Courses are taught by staff who are Professors (25%), Readers, Senior Lecturers (18%) or Lecturers (57%).

We require most academic staff to be qualified to teach in higher education: 82% hold either Postgraduate Certificates in Higher Education Practice or higher. Most academic staff (81%) are accredited fellows of the Higher Education Academy (HEA) - the university sector professional body for teaching and learning. Many academic and technical staff hold other professional body designations related to their subject or scholarly practice.

The profiles of many academic staff can be found on the University’s departmental websites and give a detailed insight into the range of staffing and expertise. The precise staffing for a course will depend on the department(s) involved and the availability and management of staff. This is subject to change annually and is confirmed in the timetable issued at the start of the course.

Occasionally, teaching may be supplemented by suitably qualified part-time staff (usually qualified researchers) and specialist guest lecturers. In these cases, all staff are inducted, mostly through our staff development programme ‘First Steps to Teaching’. In some cases, usually for provision in one of our out-centres, Recognised University Teachers are involved, supported by the University in suitable professional development for teaching.

Figures correct for academic year 2019-2020.

Apply

How to apply Request a prospectus

Applications to full-time undergraduate degrees at Ulster are made through UCAS

Start dates

  • September 2019

Fees and funding

In this section

Fees (per year)

Important notice - fees information Fees illustrated are based on 19/20 entry and are subject to an annual increase. Correct at the time of publishing. Terms and conditions apply. Additional mandatory costs are highlighted where they are known in advance. There are other costs associated with university study.
Visit our Fees pages for full details of fees

Northern Ireland & EU:
£4,275.00

England, Scotland, Wales
and the Islands:

£9,250.00  Discounts available

International:
£14,060.00  Scholarships available

Scholarships, awards and prizes

Discounts for student from England, Scotland and Wales:

You have three discount options to choose from:

  • £2,000 discount on tuition fees.
  • £1,000 discount on tuition fees + £1,000 towards accommodation +£500 towards travel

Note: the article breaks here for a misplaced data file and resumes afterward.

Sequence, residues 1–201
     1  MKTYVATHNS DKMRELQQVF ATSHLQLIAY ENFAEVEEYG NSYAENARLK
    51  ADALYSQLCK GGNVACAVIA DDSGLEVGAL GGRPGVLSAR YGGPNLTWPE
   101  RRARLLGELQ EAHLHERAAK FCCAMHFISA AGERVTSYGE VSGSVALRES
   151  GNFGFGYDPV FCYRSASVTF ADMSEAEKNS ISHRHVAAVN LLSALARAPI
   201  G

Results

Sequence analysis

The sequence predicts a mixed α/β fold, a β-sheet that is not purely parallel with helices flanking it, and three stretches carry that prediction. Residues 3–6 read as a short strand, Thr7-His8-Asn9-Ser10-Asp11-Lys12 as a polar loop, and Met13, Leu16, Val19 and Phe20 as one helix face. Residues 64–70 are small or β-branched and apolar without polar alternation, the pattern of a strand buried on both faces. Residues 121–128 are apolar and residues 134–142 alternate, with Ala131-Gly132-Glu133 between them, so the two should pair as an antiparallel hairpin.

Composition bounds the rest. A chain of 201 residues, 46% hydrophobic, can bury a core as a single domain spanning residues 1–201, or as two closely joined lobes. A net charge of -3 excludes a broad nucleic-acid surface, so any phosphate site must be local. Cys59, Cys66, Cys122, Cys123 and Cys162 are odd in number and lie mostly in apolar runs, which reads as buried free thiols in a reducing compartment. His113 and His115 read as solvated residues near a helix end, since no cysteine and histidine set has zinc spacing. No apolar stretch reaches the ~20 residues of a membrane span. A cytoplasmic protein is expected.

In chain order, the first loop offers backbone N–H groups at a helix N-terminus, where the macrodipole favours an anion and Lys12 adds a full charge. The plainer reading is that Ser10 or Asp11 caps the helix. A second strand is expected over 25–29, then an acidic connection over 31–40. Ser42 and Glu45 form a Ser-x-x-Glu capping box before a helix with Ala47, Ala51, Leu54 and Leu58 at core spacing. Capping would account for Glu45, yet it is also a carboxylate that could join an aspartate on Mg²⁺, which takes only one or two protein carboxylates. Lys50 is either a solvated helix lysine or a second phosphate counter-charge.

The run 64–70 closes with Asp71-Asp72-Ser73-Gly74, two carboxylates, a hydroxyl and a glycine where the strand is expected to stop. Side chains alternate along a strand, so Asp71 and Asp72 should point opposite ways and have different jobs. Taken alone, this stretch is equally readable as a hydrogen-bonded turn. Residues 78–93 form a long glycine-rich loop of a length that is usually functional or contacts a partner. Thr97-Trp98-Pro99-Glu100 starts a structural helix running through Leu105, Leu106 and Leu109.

• £1,000 discount on tuition fees + £1500 towards travel

Terms and conditions apply. For more infomration please visit Study at Ulster

International Undergraduate Scholarship:

Open to all new international (non-EU) entrants on the first year of a full-time undergraduate course delivered on one of our Northern Ireland campuses, commencing September 2018.

Value: £2,000 scholarship applied as discount to your annual tuition fee. More information here

Information on other scholarships available to international students.

Other awards and prizes:

A comprehensive range of financial scholarships, awards and prizes are available to undergraduate, postgraduate and research students.

Information provided is for guidance only as scholarship details are subject to change - please refer to the source website for up-to-date and accurate information.

Additional mandatory costs

Students purchase materials for their own coursework.

Field trips to museums, galleries and exhibitions may incur additional costs.

Tuition fees and costs associated with accommodation, travel (including car parking charges), and normal living are a part of university life.

Where a course has additional mandatory expenses we make every effort to highlight them. These may include residential visits, field trips, materials (e.g. art, design, engineering) inoculations, security checks, computer equipment, uniforms, professional memberships etc.

We aim to provide students with the learning materials needed to support their studies. Our libraries are a valuable resource with an extensive collection of books and journals as well as first-class facilities and IT equipment. Computer suites and free wifi is also available on each of the campuses.

There will be some additional costs to being a student which cannot be itemised and these will be different for each student. You may choose to purchase your own textbooks and course materials or prefer your own computer and software. Printing and binding may also be required. There are additional fees for graduation ceremonies, examination resits and library fines. Additional costs vary from course to course.